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Getting to the core

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How do small Academic Libraries within a consortium provide ILL? How do they meet the research needs of their faculty as well as their students? This session will talk about the challenges they face and what benefits they would derive from centralized ILL offered by the largest member of the consortium. Presentation by Karen Hildebrandt & Bonita Bjornson.

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Getting to the core

  1. 1. Getting to the Core: What Centralized ILL Means for a Small Academic Library Presented by: Karen Hildebrandt & Bonita Bjornson
  2. 2. Library Staff @ King’s
  3. 3. ILL Staff @ King’s
  4. 4. ILL Service @ King’s
  5. 5. ILL Stats: 2012-2013
  6. 6. Library Staff @ Concordia
  7. 7. ILL Staff @ Concordia
  8. 8. ILL Stats: 2012 - 2013
  9. 9. Our Consortia Agreements & Impact
  10. 10. Spring 2013
  11. 11. Centralized NEOS ILL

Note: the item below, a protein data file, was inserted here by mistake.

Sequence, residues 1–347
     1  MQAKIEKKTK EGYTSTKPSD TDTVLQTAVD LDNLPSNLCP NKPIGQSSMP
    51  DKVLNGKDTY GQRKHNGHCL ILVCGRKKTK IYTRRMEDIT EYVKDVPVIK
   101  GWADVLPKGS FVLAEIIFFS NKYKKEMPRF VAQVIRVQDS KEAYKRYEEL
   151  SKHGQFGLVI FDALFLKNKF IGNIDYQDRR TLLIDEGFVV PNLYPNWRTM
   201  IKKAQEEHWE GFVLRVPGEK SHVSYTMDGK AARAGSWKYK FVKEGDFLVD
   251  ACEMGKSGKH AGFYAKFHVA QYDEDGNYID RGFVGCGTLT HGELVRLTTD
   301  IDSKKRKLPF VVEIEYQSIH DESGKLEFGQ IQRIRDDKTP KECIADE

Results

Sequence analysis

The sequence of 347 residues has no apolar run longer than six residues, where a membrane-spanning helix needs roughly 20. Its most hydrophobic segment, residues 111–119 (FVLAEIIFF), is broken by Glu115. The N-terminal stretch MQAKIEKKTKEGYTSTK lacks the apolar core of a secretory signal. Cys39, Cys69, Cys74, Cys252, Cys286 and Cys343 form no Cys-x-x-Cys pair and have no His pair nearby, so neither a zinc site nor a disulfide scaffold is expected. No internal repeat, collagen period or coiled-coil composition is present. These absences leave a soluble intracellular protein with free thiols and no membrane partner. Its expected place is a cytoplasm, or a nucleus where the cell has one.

12. 12. References • Breeding, M. (2013). “Introduction to resource sharing”, Library Technology Reports, Vol. 49 No. 1, pp.5-11. • Lars, L. et al (2003) “Enhanced resource sharing through group interlibrary loan best practices: a conceptual, structural, and procedural approach”, Library Faculty & Staff Publications. Paper 84. • Lars, L. and Kress, N.(2011) “Looking at resource sharing costs”, Interlending & Document Supply, Vol. 20 No. 2, pp.81-87. • McGillivray, S. et al (2009). “Key factors for consortial success: realizing a shared vision for interlibrary loan in a consortium of Canadian libraries”, Librarian and Staff Publications. Paper 15. • Rogers, D. (1997). “Centralized vs. decentralized models in interlibrary loan access”, Journal of Interlibrary Loan, Document Delivery & Information Supply, Vol. 73 No. 3, pp. 29-32. • Stevens, R. (1974). “A study of interlibrary loan”, College & Research Libraries, September 1974, pp. 336-343. • Zhou, J. (1999). “Interlibrary loan cost studies and copyright fees”, Journal of Interlibrary loan, Document Delivery & Information Supply, Vol. 9 No. 4, pp. 29 – 38.

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